When I first learned about our country’s history, my favorite president of all time was Lincoln. Although Washington was a great president, I felt that Lincoln possessed the most difficult presidency of all time and handled it with grace and strength. From that moment on, I was a Republican because I wanted to be part of a party that did not stand by while others were treated so inhumanely.
This same party went on to pass the Civil Rights Act that again changed our nation’s path. When I learned of this in school, I was proud that our country resisted the status-quo and tried to finish what Lincoln and King had started. We have come a long way, and most of us are trying to work beyond our sins (and in some ways repair the damage that was done.)
Many countries have a legacy of shame for the inhumane acts perpetrated on their fellow man, but I always felt that America was a country that could evolve into something more substantial than the despots of history. We must move on and not be shamed into it. We must do it because it is the right thing to do. But some in this country like to hang this shame on us like a scarlet letter. If you are a Christian, you understand this feeling of guilt and shame; but you also know about the amazing grace of forgiveness.
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I do not know if all can be forgiven in this realm, but I do know that we can try. We can leave a better legacy for our children if we try. You change with age and wisdom; and when you become a mother, you feel that you must pass on a legacy that is more meaningful than yours. What would I pass on? What would that legacy be called?
I am no scholar. I am only a woman whose words may be meaningless to the elite and less articulated than others of prominence; but I speak from the heart. Today, everything has become a “civil right”. To me, these talking heads have diminished what President Lincoln and Martin Luther King Jr. died for. Nowadays, “civil rights” has become a cliché; and it saddens me. Instead of uplifting our country and moving on, some try to drag the past into every political situation to divide and conquer instead of trying to heal and bring together a people. I do not think Martin Luther King Jr. would have appreciated the way we have mocked his legacy. I believe he would have embraced our progress and worked on our weaknesses to insure a better quality of life for all.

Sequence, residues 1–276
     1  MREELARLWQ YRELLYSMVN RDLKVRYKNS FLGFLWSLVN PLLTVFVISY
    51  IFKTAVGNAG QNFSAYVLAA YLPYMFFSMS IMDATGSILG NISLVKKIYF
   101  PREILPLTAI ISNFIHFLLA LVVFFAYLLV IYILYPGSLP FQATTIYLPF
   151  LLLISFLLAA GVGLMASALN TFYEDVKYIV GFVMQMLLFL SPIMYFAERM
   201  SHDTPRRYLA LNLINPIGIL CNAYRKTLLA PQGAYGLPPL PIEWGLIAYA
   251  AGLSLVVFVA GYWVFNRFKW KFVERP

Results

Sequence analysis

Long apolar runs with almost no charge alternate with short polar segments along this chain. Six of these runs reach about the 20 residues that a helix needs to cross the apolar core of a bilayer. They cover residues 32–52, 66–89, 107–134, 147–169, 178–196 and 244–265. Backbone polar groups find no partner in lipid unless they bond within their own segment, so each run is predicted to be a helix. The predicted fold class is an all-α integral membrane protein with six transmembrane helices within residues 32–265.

The Civil Rights Act was supposed to bring dignity to our nation. It was not enacted to be used by politicians to control or dupe us into becoming a nation of takers. It was enacted to bring freedom and justice for those who just wanted to be able to live and enjoy what they worked so hard for without intimidation or fear.
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You rarely hear of someone being arrested for having sex with someone of the same sex, but you know that black Americans were arrested and killed just for being black. No one to my knowledge has been arrested for not having insurance, but you know that a black man could have been arrested or killed for looking at a white woman the wrong way. I have not heard (as of yet) anyone being arrested in this country for being a Christian, a Muslim, or a Jew; but we all know that black Americans could be arrested or killed for having a gun for protection.
So, when we talk about “civil rights,” let’s not demean the legacy of President Lincoln, Martin Luther King Jr., and the thousands of black Americans who gave their lives for us to have these rights and instead stand up for freedom to pursue justice and uphold the truth. President Lincoln once said “America will never be destroyed from the outside. If we falter and lose our freedoms, it will be because we destroyed ourselves.”And Martin Luther King Jr. once said that “Darkness cannot drive out darkness; only light can do that. Hate cannot drive out hate; only love can do that.” These profound words of wisdom and their courage to stand up were their legacy (and is what the Civil Rights Act was all about.)
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